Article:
Nestled in a corner hall of Whatcom Community College, the Simpson Intercultural Center is surrounded by students studying together at tables and taking a rest between classes. Inside, the atmosphere is warm, filled with posters and manifestos of inclusivity and tolerance. Students sit around the room in small groups, talking amongst themselves and laughing. The Intercultural Center provides a safe space for students from traditionally underserved and underrepresented communities, and supports them as they balance their schoolwork, hone their leadership skills and build friendships.

Dr. Betsy Hasegawa thanking the Lummi Blackhawk Dancers during the Indigenous People’s Day celebration co-sponsored by the Simpson Intercultural Center. Photo credit: Hannah Zoe.

For student Najla Mohamedlamin, the Intercultural Center is a place where she feels safe being herself, something that she doesn’t feel everywhere on campus. “I attended the Student Leading Change Conference and asked where on campus I could practice my prayer safely. Betsy (Director Dr. Betsy Hasegawa) answered that the Intercultural Center was working to provide space for Muslim students to do prayer. After that, I felt the I.C. was such an amazing place to meet people who are different from me, but same in heart.”

Midday on Wednesdays, the center is lively. Students and faculty members come together for their pot-luck lunch discussion group, Stone Soup. The gathering provides the space and structure for discussions on culture and current events important to the students. For Najla, discussions with her cohort through Stone Soup has helped her shape a new perspective. “I have always had an open mind and am a tolerant person, but all the discussions have helped me see others in a new light and opened my mind even further. It has allowed me to embrace others on a deeper level.” She continues, “The I.C. has especially been helpful to me in the practice of listening and in the mindful consideration of others. We take turns speaking and I’ve learned to lead and participate in discussion in a way that doesn’t marginalize anyone in the group.”

The Simpson Intercultural Center, located in the Syre Building of Whatcom Community College, on a sleepy Monday morning. Photo credit: Hannah Zoe.

Much of the focus of the Simpson Intercultural Center is on developing leadership within students. The center holds workshops to help them develop public speaking and organizing skills, and they practice with each other in a supportive space. In this way, students who transfer to other institutions to finish their schooling have the confidence to continue practicing their leadership and organizing in other settings as well. “A lot of our students who transfer to Western take up leadership roles there,” says Director, Dr. Betsy Hasegawa. “They get involved in student government and associated students activities, and they work on campus. Many who otherwise hadn’t considered going beyond their undergrad, do go on to graduate school or intend to become administrators and come back to colleges.”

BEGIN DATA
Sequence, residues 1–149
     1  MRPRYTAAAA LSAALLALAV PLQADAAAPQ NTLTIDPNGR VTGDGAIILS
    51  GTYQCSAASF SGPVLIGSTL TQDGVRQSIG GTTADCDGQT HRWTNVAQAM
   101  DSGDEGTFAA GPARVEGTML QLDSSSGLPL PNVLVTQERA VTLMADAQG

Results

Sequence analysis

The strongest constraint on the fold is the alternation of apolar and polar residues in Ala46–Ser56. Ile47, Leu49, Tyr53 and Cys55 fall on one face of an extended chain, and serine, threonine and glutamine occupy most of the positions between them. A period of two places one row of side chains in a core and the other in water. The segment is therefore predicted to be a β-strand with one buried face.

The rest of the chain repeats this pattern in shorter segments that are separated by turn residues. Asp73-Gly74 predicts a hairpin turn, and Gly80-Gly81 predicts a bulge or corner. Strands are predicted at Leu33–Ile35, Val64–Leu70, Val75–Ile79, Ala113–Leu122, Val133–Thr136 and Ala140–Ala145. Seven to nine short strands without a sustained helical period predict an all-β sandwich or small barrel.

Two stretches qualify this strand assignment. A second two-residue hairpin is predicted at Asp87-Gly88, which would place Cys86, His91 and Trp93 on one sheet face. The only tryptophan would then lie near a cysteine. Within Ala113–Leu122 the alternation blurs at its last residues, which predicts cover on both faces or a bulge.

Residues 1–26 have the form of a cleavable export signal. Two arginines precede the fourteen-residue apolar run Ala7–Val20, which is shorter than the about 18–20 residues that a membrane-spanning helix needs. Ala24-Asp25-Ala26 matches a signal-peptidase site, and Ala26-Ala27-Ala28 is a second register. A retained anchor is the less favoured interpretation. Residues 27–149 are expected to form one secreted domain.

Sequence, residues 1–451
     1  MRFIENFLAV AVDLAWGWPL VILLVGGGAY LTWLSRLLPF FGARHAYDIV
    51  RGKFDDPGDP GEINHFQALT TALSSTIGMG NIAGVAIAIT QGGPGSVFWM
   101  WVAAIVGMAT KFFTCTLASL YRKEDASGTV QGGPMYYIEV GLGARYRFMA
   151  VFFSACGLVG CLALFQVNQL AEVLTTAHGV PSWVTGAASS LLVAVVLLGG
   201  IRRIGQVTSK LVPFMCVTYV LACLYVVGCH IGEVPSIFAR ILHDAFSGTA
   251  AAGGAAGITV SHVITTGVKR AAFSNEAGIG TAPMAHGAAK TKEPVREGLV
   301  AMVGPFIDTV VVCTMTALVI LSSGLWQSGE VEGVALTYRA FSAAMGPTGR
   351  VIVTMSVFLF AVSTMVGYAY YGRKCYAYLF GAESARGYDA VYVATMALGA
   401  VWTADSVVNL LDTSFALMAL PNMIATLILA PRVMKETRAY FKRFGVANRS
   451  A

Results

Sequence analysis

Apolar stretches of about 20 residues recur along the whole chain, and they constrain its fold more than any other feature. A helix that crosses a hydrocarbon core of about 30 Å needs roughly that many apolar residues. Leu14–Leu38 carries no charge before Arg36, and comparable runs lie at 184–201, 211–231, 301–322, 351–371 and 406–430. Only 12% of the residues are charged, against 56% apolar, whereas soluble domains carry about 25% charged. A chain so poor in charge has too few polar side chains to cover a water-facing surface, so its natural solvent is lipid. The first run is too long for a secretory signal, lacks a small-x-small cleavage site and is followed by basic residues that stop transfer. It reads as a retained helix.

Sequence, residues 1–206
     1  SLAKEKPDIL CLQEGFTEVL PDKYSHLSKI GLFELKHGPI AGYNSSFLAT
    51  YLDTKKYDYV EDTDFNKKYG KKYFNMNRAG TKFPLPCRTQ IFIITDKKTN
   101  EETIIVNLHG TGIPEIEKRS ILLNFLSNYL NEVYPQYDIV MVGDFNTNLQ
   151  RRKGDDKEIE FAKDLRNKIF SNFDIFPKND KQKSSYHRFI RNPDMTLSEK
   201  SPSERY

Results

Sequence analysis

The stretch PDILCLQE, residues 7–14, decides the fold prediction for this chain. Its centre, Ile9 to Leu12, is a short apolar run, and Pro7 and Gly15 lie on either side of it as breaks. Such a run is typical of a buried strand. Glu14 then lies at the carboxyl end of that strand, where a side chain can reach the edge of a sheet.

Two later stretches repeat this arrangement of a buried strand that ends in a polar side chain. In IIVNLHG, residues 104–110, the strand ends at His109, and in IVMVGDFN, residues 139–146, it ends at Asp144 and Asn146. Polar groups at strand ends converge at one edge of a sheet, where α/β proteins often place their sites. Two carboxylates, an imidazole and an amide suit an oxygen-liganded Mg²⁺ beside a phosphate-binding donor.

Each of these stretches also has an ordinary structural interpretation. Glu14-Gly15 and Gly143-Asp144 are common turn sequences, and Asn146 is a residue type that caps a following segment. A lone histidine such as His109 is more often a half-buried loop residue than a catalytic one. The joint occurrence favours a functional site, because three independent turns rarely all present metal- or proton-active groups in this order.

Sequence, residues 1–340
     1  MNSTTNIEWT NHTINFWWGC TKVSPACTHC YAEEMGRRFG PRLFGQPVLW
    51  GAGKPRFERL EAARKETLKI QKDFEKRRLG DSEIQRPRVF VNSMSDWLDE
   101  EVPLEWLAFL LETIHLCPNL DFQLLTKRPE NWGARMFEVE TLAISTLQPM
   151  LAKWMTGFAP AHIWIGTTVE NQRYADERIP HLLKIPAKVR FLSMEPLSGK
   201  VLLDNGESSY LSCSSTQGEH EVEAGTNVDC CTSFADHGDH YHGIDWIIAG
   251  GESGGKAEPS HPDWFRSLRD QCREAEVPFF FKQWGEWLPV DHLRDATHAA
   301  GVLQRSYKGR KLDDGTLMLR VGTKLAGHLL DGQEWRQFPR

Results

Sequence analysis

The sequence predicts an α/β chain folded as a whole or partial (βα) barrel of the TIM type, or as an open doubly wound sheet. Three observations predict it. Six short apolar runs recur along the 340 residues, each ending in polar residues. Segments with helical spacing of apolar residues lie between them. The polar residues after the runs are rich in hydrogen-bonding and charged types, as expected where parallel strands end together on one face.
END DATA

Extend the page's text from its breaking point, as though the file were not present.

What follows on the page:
Student Jackie Rumble has been involved with the Intercultural Center since 2015. “For me, the I.C. has allowed me to not just find my community, but to see my community through new eyes.” For many students, the skills they learn participating in group activities at the center allow them to take further steps as leaders. For Jackie, “Working with the I.C. has expanded my leadership skills and taught me to reach out. I just recently facilitated a workshop at the Students of Color Conference on Heart Mapping.”

Najla Mohamedlamin has had many positive experiences with the Simpson Intercultural Center at Whatcom Community College. Photo credit: Hannah Zoe.

When asked in what ways the extended community of Bellingham could better support intercultural students, Dr. Hasegawa is clear. “People could hire our students. It is a great way to diversify work forces and I’d love to see more employers take chances on folks who are systemically non-dominant.” She continues that many of the students face barriers to work and school that are out of their control. “A lot of folks who come to the center are first-generation college, sometimes English is not their first language. For queer and trans students, they face objections around who they are and what they represent. For our undocumented students, even when they have social security numbers, there are fears and stigmas associated with them.”

As students who attend Whatcom Community College move through their studies and on to bright futures, Dr. Hasegawa recounts what she sees as the payoff for the efforts students have put into the center. “For students who started out thinking they weren’t college material, to move forward and for them to say ‘I can be a city councilperson if I want to,’ and see themselves as intellectuals and academics and change makers, that is the goal. For the students who find their way here, I hope for them to really take up their leadership in the world and to change the world. That’s the world I want to live in.”

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